Gut Reaction

by Nick Miller

Turns out the old adage, “You are what you eat,” is true - although there is much more to the story.

Researchers have long understood that what we breathe, drink and swallow can play important roles in triggering disease. Now, new research at Cincinnati Children’s is helping explain why our well-being depends so much upon the relationships between what we ingest, the cells lining our intestine, and the trillions of commensal bacteria (normal flora) living there.

Theresa Alenghat, VMD, PhD.

Dr. Theresa Alenghat and colleagues are studying how bacteria interact with mammalian cells in the intestine. Their hope is to uncover new pathways that impact the development of immune-mediated diseases, such as inflammatory bowel disease.

Theresa Alenghat, VMD, PhD, is a researcher in the Division of Immunobiology who was recently named a 2015 Pew Scholar. She is working to decipher the crosstalk that occurs between mammalian cells and bacteria that normally reside in the intestine, whose diversity and location can be affected by factors ranging from diet to medications to emotional stress.

“When I was working on my PhD, whether the intestine could be involved in what we were studying did not cross my mind,” Alenghat says. “Now, as numerous diseases are being linked to intestinal health, it is interesting to see how this mentality has changed. Over the last decade or so we have come to recognize that commensal bacteria and the intestinal microenvironment are essential factors in disease development.”


The epithelial cells lining our intestines do much more than help our bodies absorb nutrients and provide a physical barrier. They also constantly interact with our commensal bacteria, secreting small proteins called antimicrobial peptides and cytokines, which in turn affect bacterial populations and regulate immune cells.

“These epithelial cells are sometimes overlooked, so we are interested in studying how they mediate crosstalk between intestinal bacteria and immune cells to affect health,” she explains.

Research increasingly shows several significant public health challenges – diabetes, allergies, asthma, cancers, autism and inflammatory bowel disease – develop from complex gene-environmental interactions. The mystery is where, why, and how these interactions are triggered. More and more, evidence points to processes that get started in the intestine.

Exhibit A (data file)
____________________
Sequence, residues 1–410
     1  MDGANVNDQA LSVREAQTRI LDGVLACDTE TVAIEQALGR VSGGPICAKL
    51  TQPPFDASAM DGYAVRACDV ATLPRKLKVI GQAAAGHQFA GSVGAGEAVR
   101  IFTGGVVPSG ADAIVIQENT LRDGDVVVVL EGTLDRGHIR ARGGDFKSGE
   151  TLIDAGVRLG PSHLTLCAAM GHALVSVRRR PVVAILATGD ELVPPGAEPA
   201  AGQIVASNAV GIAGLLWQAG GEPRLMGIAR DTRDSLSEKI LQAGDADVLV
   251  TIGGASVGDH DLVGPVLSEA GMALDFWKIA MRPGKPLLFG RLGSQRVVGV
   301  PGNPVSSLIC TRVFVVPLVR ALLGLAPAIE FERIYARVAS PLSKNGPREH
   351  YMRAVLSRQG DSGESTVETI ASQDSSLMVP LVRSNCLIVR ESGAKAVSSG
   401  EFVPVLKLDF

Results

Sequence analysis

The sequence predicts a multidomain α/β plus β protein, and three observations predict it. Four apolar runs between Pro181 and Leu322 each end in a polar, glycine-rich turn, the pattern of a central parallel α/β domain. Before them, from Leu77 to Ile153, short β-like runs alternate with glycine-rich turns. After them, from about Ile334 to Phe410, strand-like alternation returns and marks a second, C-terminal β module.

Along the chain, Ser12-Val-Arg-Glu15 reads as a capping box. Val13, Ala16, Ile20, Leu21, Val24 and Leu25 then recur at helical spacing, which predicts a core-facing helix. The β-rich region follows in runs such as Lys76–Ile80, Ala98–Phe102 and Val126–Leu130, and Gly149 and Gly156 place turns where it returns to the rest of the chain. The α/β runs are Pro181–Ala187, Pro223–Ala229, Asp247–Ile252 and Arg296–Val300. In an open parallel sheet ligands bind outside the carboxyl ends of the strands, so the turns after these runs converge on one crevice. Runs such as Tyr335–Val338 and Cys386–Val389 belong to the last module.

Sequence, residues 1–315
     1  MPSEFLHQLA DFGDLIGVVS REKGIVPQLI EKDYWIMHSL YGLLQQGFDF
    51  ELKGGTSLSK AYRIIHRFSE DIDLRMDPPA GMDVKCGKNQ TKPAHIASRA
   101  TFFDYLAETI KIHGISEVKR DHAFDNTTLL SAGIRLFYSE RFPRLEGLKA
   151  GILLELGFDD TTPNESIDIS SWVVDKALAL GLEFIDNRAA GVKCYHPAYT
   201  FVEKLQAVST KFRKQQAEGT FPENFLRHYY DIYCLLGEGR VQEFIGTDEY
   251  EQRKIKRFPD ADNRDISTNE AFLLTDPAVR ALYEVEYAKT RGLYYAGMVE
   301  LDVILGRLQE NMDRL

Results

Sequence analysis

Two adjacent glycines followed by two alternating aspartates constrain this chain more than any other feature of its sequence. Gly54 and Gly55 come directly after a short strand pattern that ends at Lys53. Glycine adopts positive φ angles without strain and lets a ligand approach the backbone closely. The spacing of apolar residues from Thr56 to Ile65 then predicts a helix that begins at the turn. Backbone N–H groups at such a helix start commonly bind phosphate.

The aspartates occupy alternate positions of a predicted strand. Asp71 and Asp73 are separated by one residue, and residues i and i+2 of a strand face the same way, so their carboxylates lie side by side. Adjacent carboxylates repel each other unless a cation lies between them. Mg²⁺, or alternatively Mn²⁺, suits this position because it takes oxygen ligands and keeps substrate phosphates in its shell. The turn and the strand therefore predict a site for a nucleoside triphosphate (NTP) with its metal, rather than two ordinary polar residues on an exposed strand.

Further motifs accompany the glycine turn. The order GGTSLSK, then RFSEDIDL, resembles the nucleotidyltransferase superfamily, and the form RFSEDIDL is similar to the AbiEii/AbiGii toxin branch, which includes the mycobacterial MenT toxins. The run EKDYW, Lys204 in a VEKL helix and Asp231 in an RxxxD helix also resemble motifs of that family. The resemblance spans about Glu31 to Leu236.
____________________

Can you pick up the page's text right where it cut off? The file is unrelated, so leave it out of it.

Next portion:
Changes in intestinal bacteria can lead to changes in our epigenome; or the way our genes are turned on and off over time by environmental factors. When all goes well, beneficial bacteria survive in the intestine and send signals that maintain a healthy epigenome. However, environmental exposures that impact commensal bacteria may trigger epigenomic dysregulation, and prolonged exposures can set up a negative cycle that leads to disease.

Alenghat and her colleagues have identified a key factor in how this process works. Histone deacetylase 3 (HDAC3), an enzyme in intestinal epithelial cells, acts as an epigenomic modifier that regulates healthy intestinal function. In mice, deleting HDAC3 from intestinal epithelial cells impaired intestinal function, caused intestinal damage and led to inflammation, according to a 2013 Nature study Alenghat co-authored while at the University of Pennsylvania. The paper showed that HDAC3 integrates signals from commensal bacteria to regulate gene networks, calibrate epithelial cell function, and maintain normal intestinal health.

Intestinal bacteria play larger-than-expected role in health and disease development.

Intestinal bacteria play larger-than-expected role in health and disease development.


With HDAC3 as one focal point, the researchers are teasing out which of the trillions of commensal bacteria are critical to regulating the epigenome. They want to see how intestinal bacteria interact with HDAC3 and its downstream pathways to impact immunity and trigger disease.

The efforts include a collaboration with Lee Denson, MD, Medical Director of the Inflammatory Bowel Center, to study intestinal biopsies from patients with inflammatory bowel disease. If they can detect disease-causing changes in the epigenome and commensal bacteria, it may be possible to develop new ways to improve treatment and predict prognosis.

Alenghat also plans to test how bacterial factors affect intestinal biology by analyzing organoids of human intestinal tissue, a new research tool developed by the laboratory of Jim Wells, PhD, Developmental Biology and Endocrinology. Combining the organoid findings with methods involving unique mouse models that lack commensal bacteria will create a robust system for deciphering the links between the microbiota and intestinal health.

“Multiple studies have come out recently that indicate that the microbiota may be interacting with epigenomic pathways in different mammalian cells,” Alenghat says. “Now that we know this is happening, I think we are just beginning to explore what it all means, how it relates to disease and how this will enable new approaches for managing chronic diseases.”